American author Michelle McNamara (pic.) researched the Golden State Killer for years.
She even wrote a New York Times bestselling book about the man who raped and murdered dozens from 1976 to 1986 in Southern California: I’ll Be Gone In The Dark: One Woman’s Obsessive Search For The Golden State Killer.
(The book was released in February this year and is reviewed here.)
Earlier this year, a suspect was arrested in the case, but McNamara wasn’t there to see it. The true-crime writer died unexpectedly in her sleep in 2016 aged 46, leaving it to friends and family to celebrate her determination to see what she saw as a “solvable case” solved.
“When everyone woke up to that news, we were like, ‘Holy s***,” says Kera Bolonik, a resident of Brook-lyn, Illinois, where McNamara grew up, and the writer’s friend for 32 years.
“There’s a lot of pride and some sadness that she’s not here to experience that pride and relief and elation, but ultimately, what she did want to happen did happen.”
What McNamara wanted was for an identification to be made and resolution found for the victims and their families, Bolonik says.
The perpetrator was also known as the East Area Rapist and suspected of murders and rapes in 10 counties throughout California. While armed and wearing a mask, he would enter through windows at night and surprise sleeping victims who ranged in age from 13 to 41.
“Michelle said this guy wasn’t a genius, he just practiced a lot. That’s what this guy did,” Paul Haynes, a researcher who collaborated with McNamara on the book, said on My Favorite Murder, a weekly true crime podcast.
Former police officer Joseph James DeAngelo, 72, has been charged with several counts of murder. Sacramento County officials say DNA collected from a Golden State Killer crime scene was compared to online genetic profiles on genealogical sites to find him.
When the news broke, McNa-mara’s sister Maureen Stratton says the whole family was ecstatic but “so distraught” that her younger sister was not there to enjoy it.
Just before they got the news, the family was at an event for I’ll Be Gone In The Dark in an Illinois bookstore in April with McNamara’s husband, comedian Patton Oswalt, Haynes, and Billy Jensen, an investigative journalist who also collaborated on the book.
“We were in Naperville for the book event and (Haynes and Jensen) seemed very confident, talking about it like it was just a matter of time that an arrest was going to happen,” Stratton, a Northwestern University law professor, says.
“And I remember thinking to myself: ‘They’re never going to find him.’ I did not have that confidence, so it truly was stunning and shocking when we heard later, and I think we all just cried. I think we were all like, ‘Omigosh, this is incredible.’”
Stratton recalls McNamara’s writing of the book and the investigation of the case being a sort of push-and-pull that weighed on her.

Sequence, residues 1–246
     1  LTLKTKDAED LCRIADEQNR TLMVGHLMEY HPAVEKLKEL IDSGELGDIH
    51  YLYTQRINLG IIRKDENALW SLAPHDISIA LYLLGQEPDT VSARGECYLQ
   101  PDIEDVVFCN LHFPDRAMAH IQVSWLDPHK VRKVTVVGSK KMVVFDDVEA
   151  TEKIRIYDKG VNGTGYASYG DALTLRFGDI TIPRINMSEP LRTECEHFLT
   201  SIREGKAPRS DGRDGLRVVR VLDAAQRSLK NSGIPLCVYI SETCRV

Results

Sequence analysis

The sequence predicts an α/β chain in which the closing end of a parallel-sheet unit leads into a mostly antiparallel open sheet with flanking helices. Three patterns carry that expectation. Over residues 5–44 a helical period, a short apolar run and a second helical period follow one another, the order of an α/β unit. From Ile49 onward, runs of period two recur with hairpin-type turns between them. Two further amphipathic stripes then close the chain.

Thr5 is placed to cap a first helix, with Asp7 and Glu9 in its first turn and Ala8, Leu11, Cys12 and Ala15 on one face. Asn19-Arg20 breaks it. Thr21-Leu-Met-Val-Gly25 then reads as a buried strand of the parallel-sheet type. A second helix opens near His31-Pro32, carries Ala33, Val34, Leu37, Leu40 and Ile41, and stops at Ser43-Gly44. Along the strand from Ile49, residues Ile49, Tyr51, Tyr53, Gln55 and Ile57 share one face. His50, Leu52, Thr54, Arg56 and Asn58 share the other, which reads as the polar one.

“She just kept thinking: ‘I think we can solve this, I think we can solve this.’ She just felt so strongly that this was solvable and that it really needed to be solved because all of these victims … so it was her life’s mission to figure it out.”
Amid expressing their pride in her work and drive, McNamara’s circle reflected on her writing path – from poetry to editor of the Oak Park River Forest High School newspaper to short stories and, ultimately, true-crime writing. Her blog, TrueCrimeDiary, created soon after her marriage to Oswalt, according to Stratton, focused on hundreds of unsolved crimes. But it was the Golden State Killer that was her most defining case, Haynes says.
“Ultimately Michelle’s objective was singular: to identify the Golden State Killer,” he says. “It’s so sad that she died without knowing this person’s identity; it’s so sad that Michelle is not here to celebrate this momentous thing, which is really the prize at the end of the maze that she was seeking.”
After the arrest, Sacramento County Sheriff Scott Jones told reporters that McNamara’s work helped build interest in the case – interest that led to television networks HLN and the Investigation Discovery channel doing series about the case – but he didn’t go as far as saying her book led to a suspect.
Haynes says otherwise.
“Without Michelle’s book and Michelle’s involvement, the motivation and thrust to solve this case wouldn’t be there, so I would say that Michelle’s involvement absolutely had an influence on this case being resolved,” says the Los Angeles-based researcher.
Bolonik agrees: “When you read her book, she was kind of putting pieces together. … Nobody knew that it was this particular guy; the cops who had been working on the case for 20 years didn’t know,” she says. “But Michelle had a very clear sense of what kind of person they were looking for and how it was going to come about – through DNA, genetic testing.
“She suspected, she says in the book, that he was connected to the military somehow, that he must have been in law enforcement. Plus she named him the Golden State Killer, which allowed all these jurisdictions to come together – that was the umbrella. Her work and the ability to talk among all these jurisdictions, it enabled her to look at information in new ways and ask questions that had never been asked.
“It was a cold case. No one was talking about this case. It had just languished. But she brought attention to it with her blog and through her article and then with her book. It created a sense of urgency that was so crucial. … She lived and breathed this.”
As the case evolves, McNamara’s sister wants people to remember one thing about her “brilliant, funny” sister.
“It wasn’t about solving the case and getting the glory. She wouldn’t care about that at all. She just wanted to put a face and a name to this horror and get some peace for people. I think she was a very selfless person that way,” she says.
HBO Documentary Films has acquired rights to the book for a docuseries of its own. – Chicago Tribune/Tribune News Service